Funny, he felt queasy, but he didn't feel like he was gonna throw up. It was a dry nausea. One time Eddie had taught this route to another man who, once he came out of the store, turned all red, then he barfed into the gutter. But this man was not cut out for delivery work. He couldn't find the roads. Eddie sat in the van waiting for Tom.
Tom had a knack for slipping by. He may not be too hot about hugging a tree, but he turned his back on nothing, ever. That was different from ages before when educated persons were unenlightened in the displeasing details. Not Tom! He dug in and took a good look. Tom wasn't about to be the least bit nauseated. Tom liked to shake up people with expostulations on the poor and the desperate work of the common people.
But at some point in his life Tom had come to believe that everything worked out for the best. It was the belief of bookish people. Eddie took it with him as undeniable fact that for a lot of people nothing worked out for the best. Then they were taken early in life as a sort of sacrifice. How could some people enjoy a long life unless other people suffered a short life?
The possibility of a life consisting of ninety years of misery went over Eddie's head; twenty-five years of misery seemed to him more real.
Tom came out grinning, jumped in.
“The husky, brown guy,” Tom said, “he's really into it. He and his wife make tapes of their screwing. Do they ever turn it on! Then they press records out, sell them. Look!” He held up a brown manila envelope. “Ten bucks.”
“And you don't see anything wrong with that?”
“Sure I do. It's squat, but it's human. It didn't occur to me where he got the sounds, so I asked him. I was curious. He didn't seem too put out about telling me. He said it was a big surprise how many records he sold. They are really getting around.”
Eddie pulled out. No traffic. He did a u-turn and headed back up Boylston toward Mass Ave and turned right, drove over the bridge past MIT into Cambridge.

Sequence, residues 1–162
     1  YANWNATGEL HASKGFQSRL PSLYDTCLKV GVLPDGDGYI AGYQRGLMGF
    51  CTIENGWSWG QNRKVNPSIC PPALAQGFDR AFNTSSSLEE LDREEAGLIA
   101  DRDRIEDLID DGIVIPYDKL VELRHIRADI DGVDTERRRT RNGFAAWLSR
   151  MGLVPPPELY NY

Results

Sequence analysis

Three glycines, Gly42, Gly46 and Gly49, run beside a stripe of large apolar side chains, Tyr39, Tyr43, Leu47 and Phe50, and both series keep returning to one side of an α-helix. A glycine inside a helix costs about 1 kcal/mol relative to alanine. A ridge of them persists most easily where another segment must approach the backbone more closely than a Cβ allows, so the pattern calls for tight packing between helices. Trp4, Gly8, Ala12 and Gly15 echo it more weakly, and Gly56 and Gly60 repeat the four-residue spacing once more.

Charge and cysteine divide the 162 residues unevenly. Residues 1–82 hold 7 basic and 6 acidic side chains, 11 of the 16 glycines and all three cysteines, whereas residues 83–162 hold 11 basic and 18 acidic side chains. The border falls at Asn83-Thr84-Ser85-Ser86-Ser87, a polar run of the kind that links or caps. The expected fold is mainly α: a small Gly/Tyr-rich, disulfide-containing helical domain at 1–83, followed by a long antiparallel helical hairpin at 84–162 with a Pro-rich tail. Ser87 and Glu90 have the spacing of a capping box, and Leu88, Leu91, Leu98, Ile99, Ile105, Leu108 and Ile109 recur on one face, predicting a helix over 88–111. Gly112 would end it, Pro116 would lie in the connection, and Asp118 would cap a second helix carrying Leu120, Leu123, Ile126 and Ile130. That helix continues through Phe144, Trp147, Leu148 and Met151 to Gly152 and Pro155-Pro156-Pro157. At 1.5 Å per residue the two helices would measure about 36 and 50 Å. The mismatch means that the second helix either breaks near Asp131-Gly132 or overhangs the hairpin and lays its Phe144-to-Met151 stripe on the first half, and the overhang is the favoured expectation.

“I figure,” Tom said, “when I die, after I write the big masterpiece, some digbat scholar will find this record and he'll opine, humph, at least he was human. And anyway, what are you in such a mood about? Nobody dead, nobody transfigured. Jeese, it has been kind of boring.”
“Kid up there hustling.”
“Really. Damn. Wouldn't you know I missed it!”
“Fifteen, sixteen, maybe.”
Eddie would remember that confused, pale, damp little face for the rest of his life.
Not long afterwards Eddie moved into a brownstone on Hemenway only a few blocks from the Boston Museum of Art. But it didn't work out because he got sick on too much art. He had to keep some distance from it. He got really sick. Too many things were happening. He was just a neighborhood kid. So he went to the open clinic on Hemenway. Kate Hunt was the nurse. Nurse Kate, who was pregnant, a tall, gangling, loose jointed woman with a great mass of strawberry blond hair, bore a striking family resemblance to the boy in the porn shop, whose image was still, though months after the fact, bothering Eddie's nightmares. Just so happened while Eddie was chit-chatting with Nurse Kate, in sashays the boy! It was an odd coincidence. His name was Stevie. At that time Stevie was cross dressing. But Eddie recognized him immediately from the porn store on Boylston.
“Hi,” he said to Eddie.
“Oh, you two know each other,” says Kate.
“Darling,” said Stevie, “I know everybody.”
“We don't know each other,” Eddie said. He was feeling so sick from his overdose on art that he was in no mood for kidding. He just wanted some pills that would knock him out. He was gonna park the van for a month before he smashed a big dent in the dashboard with his head.
Stevie smiled and giggled. He went to sit down out of the way, picked up a magazine.
Kate took Eddie into an examination cubicle. “He's my brother, the little hustler,” she said. “He has been that way all his life. It's a miracle he's still alive.”
Eddie met Kate on the streets every now and then because she got around. Stevie was sick, then Stevie was dying, and then he was dead. “He died,” she said. She and Stevie had the same eyes. Her eyes were big, dark, damp.
“Do you think God forgives stupid people?” She said.
“He must. Don't make much sense the other way.”
In the case of Stevie Hunt an early tragic death. This is not a soap opera! If you want a soap opera, well then screw. His body started to shut down when he was twenty-five. He was incapable of taking care of himself, and the law does not dispense mercy to suicides, it doesn't dispense anything. He was in and out of the hospital, then he died in 1984 when he was twenty-seven. Maybe a twinkle of happiness, no sound and fury, but his life did signify nothing.
The poor kid never had a notion, so he never had a chance. Eddie always thought a great monument should be erected over his body in memory, for Stevie was just one of the multitude of that period who died without knowing anything.